Regions of São Paulo.
- The birthplace of the city, with many historical areas, cultural centers, and a universe of diverse people rushing to work or to school.
- Home to the government of the state of São Paulo, it is probably the most vibrant area of the city for business, science, gastronomy, nightlife and culture.
- The wealthiest region of the city contains Parque do Ibirapuera, one of the most important recreational and cultural areas of São Paulo, and innumerous shopping malls.
- Home to hundreds of thousands of immigrants who settled in the city, that is where Museu do Ipiranga, the São Paulo Zoo and other attractions are located.
- The Northeast is São Paulo’s “event arena”, where the annual Carnival and and many other large scale events take place. Part of the magnificent Parque da Cantareira is also here.
- The largest region of São Paulo is still have some parts covered by forest, farms and water, and can offer many unique experiences to a visitor.
- São Paulo’s City of Workers contains two of the most beautiful parks of the city, and was the host of the FIFA 2014 World Cup in the city.
- The Northwest is a more suburban area which is home to Parque Estadual do Jaraguá, where the highest point of the city is located.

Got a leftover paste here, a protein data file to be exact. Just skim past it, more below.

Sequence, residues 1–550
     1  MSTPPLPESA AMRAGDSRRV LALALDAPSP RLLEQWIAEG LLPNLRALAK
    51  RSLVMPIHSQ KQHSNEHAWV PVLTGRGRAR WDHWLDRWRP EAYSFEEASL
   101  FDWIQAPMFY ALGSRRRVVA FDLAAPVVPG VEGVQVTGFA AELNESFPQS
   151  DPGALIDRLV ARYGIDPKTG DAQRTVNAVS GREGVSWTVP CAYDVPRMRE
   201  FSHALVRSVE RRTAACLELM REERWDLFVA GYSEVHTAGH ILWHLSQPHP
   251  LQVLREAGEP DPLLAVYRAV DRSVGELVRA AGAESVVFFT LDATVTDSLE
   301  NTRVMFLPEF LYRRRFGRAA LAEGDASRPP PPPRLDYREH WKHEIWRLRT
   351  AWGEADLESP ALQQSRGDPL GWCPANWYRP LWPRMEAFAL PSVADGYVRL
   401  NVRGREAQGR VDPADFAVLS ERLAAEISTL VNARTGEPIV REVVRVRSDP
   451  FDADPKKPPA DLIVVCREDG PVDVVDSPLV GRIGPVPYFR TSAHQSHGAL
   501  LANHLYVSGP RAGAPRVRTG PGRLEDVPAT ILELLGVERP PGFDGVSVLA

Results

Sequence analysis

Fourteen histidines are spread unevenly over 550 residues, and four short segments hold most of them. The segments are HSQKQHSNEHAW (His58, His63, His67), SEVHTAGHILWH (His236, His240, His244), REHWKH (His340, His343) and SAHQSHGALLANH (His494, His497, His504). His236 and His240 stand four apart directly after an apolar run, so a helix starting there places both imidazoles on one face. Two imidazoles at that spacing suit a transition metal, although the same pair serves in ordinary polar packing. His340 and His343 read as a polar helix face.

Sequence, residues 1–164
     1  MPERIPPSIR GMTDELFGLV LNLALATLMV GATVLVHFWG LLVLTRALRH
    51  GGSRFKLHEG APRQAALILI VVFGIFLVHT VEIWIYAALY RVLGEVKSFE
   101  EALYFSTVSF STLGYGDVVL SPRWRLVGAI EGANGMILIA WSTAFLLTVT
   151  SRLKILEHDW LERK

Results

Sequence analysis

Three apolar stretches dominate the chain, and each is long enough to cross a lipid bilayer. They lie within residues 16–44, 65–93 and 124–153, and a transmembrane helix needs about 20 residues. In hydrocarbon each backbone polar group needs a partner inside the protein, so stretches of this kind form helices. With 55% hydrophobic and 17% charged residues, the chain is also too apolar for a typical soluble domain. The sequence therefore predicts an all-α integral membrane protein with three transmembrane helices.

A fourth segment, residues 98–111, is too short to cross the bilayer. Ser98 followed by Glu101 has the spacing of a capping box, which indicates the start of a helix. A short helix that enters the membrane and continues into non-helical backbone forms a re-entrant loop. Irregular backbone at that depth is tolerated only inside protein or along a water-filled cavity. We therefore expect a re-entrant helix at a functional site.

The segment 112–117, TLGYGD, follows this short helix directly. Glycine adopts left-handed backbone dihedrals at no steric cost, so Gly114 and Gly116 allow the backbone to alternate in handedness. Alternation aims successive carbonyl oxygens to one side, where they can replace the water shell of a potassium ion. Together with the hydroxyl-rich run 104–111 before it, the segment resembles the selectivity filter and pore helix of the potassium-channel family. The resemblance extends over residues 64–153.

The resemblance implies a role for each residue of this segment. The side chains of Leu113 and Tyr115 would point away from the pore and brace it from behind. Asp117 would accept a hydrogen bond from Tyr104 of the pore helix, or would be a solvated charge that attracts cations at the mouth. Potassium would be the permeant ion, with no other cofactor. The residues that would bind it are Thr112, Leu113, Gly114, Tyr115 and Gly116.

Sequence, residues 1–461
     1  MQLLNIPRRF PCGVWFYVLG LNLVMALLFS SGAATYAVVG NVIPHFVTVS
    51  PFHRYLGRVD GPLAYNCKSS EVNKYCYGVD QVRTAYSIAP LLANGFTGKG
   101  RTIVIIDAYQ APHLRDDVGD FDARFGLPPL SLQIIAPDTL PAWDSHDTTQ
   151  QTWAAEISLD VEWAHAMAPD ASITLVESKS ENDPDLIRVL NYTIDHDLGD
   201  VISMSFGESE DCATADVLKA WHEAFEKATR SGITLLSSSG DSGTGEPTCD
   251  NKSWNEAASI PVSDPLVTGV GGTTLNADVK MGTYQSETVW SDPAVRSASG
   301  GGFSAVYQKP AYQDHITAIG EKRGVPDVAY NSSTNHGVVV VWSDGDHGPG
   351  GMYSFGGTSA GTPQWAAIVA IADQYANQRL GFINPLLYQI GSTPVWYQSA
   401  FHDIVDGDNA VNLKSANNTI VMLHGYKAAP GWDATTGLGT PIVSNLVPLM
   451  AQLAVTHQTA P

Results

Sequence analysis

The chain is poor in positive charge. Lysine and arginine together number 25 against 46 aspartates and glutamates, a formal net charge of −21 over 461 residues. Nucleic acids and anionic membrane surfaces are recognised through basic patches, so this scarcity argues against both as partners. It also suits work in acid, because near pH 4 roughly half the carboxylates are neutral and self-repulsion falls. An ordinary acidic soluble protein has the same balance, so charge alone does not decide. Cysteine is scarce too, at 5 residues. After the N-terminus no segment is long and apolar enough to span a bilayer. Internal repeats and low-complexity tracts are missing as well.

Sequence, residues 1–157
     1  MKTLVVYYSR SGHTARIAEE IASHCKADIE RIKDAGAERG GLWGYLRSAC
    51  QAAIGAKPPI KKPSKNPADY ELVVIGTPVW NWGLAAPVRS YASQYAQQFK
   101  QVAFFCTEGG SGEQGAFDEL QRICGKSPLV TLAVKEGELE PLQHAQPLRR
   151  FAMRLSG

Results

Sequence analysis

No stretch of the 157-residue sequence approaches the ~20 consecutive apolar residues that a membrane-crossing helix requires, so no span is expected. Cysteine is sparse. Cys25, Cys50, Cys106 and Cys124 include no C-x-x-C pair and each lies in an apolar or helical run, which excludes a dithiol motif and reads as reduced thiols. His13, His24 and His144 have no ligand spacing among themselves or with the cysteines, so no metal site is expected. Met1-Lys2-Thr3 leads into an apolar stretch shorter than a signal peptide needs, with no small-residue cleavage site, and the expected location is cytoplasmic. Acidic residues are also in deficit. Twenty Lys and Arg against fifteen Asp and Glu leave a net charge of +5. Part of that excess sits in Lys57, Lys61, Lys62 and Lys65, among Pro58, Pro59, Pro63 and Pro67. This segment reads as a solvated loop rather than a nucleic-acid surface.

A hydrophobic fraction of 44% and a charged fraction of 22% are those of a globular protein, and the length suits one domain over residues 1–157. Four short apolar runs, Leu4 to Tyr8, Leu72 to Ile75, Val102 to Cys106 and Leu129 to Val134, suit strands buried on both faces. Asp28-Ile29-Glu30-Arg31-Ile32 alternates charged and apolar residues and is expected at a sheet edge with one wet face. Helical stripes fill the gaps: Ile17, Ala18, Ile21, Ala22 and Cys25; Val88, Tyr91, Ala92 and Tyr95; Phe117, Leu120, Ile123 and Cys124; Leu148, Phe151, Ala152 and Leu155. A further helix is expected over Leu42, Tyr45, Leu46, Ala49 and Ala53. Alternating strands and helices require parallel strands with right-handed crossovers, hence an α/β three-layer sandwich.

Embu das Artes – Town just Southwest of Sao Paulo, known for its talented local artists. If you are looking for authentic Brazilian art, handicrafts, furniture, or just want to browse around some really cool shops, this is the place to go.
South – The South of Greater São Paulo, also known as the “Great ABC” region, is composed of mostly industrial cities separated from the coast by Parque Estadual Serra do Mar, a hilly area covered by Atlantic rainforest. The area offers innumerous opportunities for ecotourism.
Santo André – City containing the main campus of Federal University of ABC, the historical village of Paranapiacaba, and the nature area of the same name.